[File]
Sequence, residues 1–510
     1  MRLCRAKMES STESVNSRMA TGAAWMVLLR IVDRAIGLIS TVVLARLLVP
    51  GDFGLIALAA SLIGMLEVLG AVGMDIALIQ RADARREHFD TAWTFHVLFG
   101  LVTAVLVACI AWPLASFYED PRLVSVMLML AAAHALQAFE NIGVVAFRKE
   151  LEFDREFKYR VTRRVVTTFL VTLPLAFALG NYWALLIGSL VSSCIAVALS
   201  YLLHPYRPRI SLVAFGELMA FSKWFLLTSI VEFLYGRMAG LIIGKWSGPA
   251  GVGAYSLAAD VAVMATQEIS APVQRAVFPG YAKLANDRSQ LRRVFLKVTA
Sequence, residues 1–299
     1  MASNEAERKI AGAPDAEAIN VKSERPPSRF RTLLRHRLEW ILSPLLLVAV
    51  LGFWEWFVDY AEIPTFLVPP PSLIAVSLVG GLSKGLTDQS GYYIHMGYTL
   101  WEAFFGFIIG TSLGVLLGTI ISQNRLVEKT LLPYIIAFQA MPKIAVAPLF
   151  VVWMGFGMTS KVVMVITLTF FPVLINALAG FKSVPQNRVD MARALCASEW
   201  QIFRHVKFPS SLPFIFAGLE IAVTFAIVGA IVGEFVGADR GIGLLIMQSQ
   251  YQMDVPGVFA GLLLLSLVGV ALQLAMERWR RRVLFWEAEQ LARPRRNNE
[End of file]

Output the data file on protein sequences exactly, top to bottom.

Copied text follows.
Sequence, residues 1–510
     1  MRLCRAKMES STESVNSRMA TGAAWMVLLR IVDRAIGLIS TVVLARLLVP
    51  GDFGLIALAA SLIGMLEVLG AVGMDIALIQ RADARREHFD TAWTFHVLFG
   101  LVTAVLVACI AWPLASFYED PRLVSVMLML AAAHALQAFE NIGVVAFRKE
   151  LEFDREFKYR VTRRVVTTFL VTLPLAFALG NYWALLIGSL VSSCIAVALS
   201  YLLHPYRPRI SLVAFGELMA FSKWFLLTSI VEFLYGRMAG LIIGKWSGPA
   251  GVGAYSLAAD VAVMATQEIS APVQRAVFPG YAKLANDRSQ LRRVFLKVTA
Sequence, residues 1–299
     1  MASNEAERKI AGAPDAEAIN VKSERPPSRF RTLLRHRLEW ILSPLLLVAV
    51  LGFWEWFVDY AEIPTFLVPP PSLIAVSLVG GLSKGLTDQS GYYIHMGYTL
   101  WEAFFGFIIG TSLGVLLGTI ISQNRLVEKT LLPYIIAFQA MPKIAVAPLF
   151  VVWMGFGMTS KVVMVITLTF FPVLINALAG FKSVPQNRVD MARALCASEW
   201  QIFRHVKFPS SLPFIFAGLE IAVTFAIVGA IVGEFVGADR GIGLLIMQSQ
   251  YQMDVPGVFA GLLLLSLVGV ALQLAMERWR RRVLFWEAEQ LARPRRNNE